But we all occasionally find ourselves in situations of utter chaos - when people are calling each other names, when tensions rise, when hate takes root.
In fact, we don’t have to look very far.
This is 2012 - which means one thing - it’s an election year.
Soon the ads and tv spots will start ramping up, and negativity will come forth.
And we know, it’s not limited to what politicians and lobbyist groups post on tv.
Many of us get caught up in the conversation.
Whether you have a strong political view or not, you can bet some of your friends and family do.
And when the political attacks come, so do the religious ones.
We are living in the midst of a very polarized society.
That’s nothing new.
But it has gotten worse.
In fact, Pew Research - the premiere research firm on national trends and attitudes - came out with a new study this week.
It showed that Americans are more polarized today than they have been in the last 25 years - and the only reason it doesn’t go back further is because 25 years ago is when they started doing the studies.
In fact, it showed that we have nearly doubled the gap between the left and the right, and the trend is only going up.
Whether it be around the water cooler at work, or in the midst of family dinners, most of us will find ourselves in the midst of people expressing their anger about politics and religion very soon.
And when that happens, we will have a choice.
We will have to choose how we respond.
When we look at the story of Jesus, at first it seems that he didn’t respond quite how we would expect him to.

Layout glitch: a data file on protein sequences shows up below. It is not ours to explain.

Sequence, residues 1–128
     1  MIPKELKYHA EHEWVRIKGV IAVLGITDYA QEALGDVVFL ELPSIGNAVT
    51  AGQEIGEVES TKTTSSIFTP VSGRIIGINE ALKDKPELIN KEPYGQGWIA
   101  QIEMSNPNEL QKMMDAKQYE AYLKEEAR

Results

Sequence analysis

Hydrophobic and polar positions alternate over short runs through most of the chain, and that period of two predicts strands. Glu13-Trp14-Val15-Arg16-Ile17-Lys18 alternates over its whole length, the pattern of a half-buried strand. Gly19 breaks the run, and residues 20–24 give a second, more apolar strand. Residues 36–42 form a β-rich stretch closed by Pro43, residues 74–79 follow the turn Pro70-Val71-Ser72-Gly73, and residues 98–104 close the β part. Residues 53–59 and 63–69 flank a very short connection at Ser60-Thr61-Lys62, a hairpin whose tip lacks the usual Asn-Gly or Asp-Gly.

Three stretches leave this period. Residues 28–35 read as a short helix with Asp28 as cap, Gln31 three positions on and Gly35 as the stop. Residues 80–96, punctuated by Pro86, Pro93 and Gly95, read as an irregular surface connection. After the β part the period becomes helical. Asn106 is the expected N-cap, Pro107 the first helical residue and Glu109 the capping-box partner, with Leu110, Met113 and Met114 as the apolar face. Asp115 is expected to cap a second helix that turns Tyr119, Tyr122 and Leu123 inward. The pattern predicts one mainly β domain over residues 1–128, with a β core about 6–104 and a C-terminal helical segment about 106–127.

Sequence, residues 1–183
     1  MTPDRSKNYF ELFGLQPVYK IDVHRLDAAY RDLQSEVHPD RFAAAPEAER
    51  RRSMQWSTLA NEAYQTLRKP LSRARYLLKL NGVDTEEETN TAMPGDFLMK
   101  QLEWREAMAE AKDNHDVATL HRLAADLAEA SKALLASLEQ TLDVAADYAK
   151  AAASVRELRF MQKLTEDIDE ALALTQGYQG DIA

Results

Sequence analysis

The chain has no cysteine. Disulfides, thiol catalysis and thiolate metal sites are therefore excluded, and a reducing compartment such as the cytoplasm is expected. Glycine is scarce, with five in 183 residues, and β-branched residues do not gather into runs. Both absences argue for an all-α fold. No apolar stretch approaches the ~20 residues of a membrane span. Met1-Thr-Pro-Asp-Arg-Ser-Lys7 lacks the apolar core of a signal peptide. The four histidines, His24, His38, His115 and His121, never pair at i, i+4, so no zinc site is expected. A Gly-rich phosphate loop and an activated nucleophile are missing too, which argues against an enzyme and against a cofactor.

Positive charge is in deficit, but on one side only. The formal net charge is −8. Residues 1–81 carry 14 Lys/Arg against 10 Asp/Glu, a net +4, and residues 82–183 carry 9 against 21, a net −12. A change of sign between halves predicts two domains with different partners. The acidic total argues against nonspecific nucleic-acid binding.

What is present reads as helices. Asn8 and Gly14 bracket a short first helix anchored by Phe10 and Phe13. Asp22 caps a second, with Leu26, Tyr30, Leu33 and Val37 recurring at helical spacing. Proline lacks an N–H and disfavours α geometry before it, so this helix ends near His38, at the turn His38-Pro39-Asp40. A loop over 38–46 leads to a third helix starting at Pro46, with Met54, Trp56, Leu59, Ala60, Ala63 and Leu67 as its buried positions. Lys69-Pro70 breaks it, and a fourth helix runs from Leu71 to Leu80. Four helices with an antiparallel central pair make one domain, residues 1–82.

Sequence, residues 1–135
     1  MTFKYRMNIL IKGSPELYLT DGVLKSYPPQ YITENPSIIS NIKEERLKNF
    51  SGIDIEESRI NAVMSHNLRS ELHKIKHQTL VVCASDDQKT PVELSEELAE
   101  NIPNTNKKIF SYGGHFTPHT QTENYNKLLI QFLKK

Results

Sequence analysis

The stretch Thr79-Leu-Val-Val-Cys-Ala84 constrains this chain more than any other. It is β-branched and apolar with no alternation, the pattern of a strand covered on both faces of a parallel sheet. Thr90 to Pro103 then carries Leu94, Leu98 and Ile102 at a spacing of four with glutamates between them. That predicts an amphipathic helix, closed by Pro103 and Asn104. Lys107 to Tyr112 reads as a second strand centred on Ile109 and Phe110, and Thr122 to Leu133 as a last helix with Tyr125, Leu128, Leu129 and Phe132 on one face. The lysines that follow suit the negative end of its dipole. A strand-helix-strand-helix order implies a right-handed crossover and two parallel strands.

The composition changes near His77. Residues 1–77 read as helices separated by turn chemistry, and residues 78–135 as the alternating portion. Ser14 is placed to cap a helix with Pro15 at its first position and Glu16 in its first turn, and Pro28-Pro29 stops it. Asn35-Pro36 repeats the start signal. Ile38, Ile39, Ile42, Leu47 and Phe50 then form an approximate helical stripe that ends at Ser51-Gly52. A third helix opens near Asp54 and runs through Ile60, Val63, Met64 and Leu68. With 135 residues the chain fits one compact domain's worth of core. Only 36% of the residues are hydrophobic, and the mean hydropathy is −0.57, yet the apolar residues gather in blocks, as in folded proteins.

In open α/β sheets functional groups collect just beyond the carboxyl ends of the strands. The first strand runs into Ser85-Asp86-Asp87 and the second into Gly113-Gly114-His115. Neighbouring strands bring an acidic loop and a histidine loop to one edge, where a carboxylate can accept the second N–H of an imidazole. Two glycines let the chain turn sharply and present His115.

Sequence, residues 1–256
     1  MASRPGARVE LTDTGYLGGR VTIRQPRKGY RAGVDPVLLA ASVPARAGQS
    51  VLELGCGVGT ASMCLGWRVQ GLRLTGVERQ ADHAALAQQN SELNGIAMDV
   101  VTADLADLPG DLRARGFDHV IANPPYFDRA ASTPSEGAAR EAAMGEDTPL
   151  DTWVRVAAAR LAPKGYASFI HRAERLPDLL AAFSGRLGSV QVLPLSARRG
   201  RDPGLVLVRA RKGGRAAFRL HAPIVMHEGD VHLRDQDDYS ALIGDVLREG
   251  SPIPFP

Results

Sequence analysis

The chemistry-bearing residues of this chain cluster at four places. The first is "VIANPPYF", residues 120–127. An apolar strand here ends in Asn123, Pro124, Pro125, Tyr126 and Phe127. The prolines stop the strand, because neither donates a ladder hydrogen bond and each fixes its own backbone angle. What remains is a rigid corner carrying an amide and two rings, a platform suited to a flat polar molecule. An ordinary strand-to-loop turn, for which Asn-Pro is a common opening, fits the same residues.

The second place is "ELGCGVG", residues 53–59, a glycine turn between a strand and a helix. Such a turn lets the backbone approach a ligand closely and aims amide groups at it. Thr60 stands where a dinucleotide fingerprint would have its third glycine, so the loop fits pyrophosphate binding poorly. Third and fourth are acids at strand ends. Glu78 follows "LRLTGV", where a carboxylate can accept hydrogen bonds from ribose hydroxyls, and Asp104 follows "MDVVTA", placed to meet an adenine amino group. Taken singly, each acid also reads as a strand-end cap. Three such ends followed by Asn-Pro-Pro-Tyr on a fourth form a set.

But seen from another light, his is the response we should all strive toward.
He begins by giving a small lesson on what divisiveness can do.
Of course, this comes as a clever way to throw off those that call him satan.
He says a house divided cannot stand, implying that if he is casting out demons then he cannot be satan.
He then goes into the discussion about forgiveness and grace and who his real family is.
If you pay attention carefully, you can see the larger lesson going on here.
The scribes aren’t just attacking Jesus when they call him satan.
They’re attacking the crowd - the followers of Jesus.
They are inciting hate and anger.
They have moved beyond having a discussion based on reason - they no longer are trying to win a debate.
Instead, they thrive on chaos.
And it works.
The trap is set and Jesus family is taken in.
They call Jesus crazy - they try to silence him.
And in just a few short sentences, Jesus shows us how to bring back civility.
He begins by addressing the instigators.
All people will be forgiven for whatever they say or do.
Nobody is outside of God’s grace he says ... with one exception.
Whoever blasphemies against the Holy Spirit will not have forgiveness.
Of course, it was just a chapter before that Jesus was accused of blasphemy himself.
In fact, he is the only one accused of such a sin in the gospel story.
The commentators on this passage all seem to agree - Jesus here is talking about a continued rejection of God and calling God evil without ceasing.
In other words, Jesus gives them a chance - offers them grace.
But does so in a way that makes it clear - divisiveness and hatred have no place in the kingdom of God.
He then addresses the family.
He never really excludes them from his family - instead he simply extends the definition of family - to whomever does the will of God.
If you want to be part of the kingdom, you must work together.
A house divided cannot stand.
Dr. Fred Craddock, who was by many accounts the voice of preaching in the 20th century, tells a story about a family that is out for a drive on a Sunday afternoon.
It is a pleasant afternoon, and they relax at a leisurely pace down the highway.
Suddenly, the two children begin to beat their father in the back: "Daddy, Daddy, stop the car!
There's a kitten back there on the side of the road!"
The father says, "So there's a kitten on the side of the road.
We're having a drive."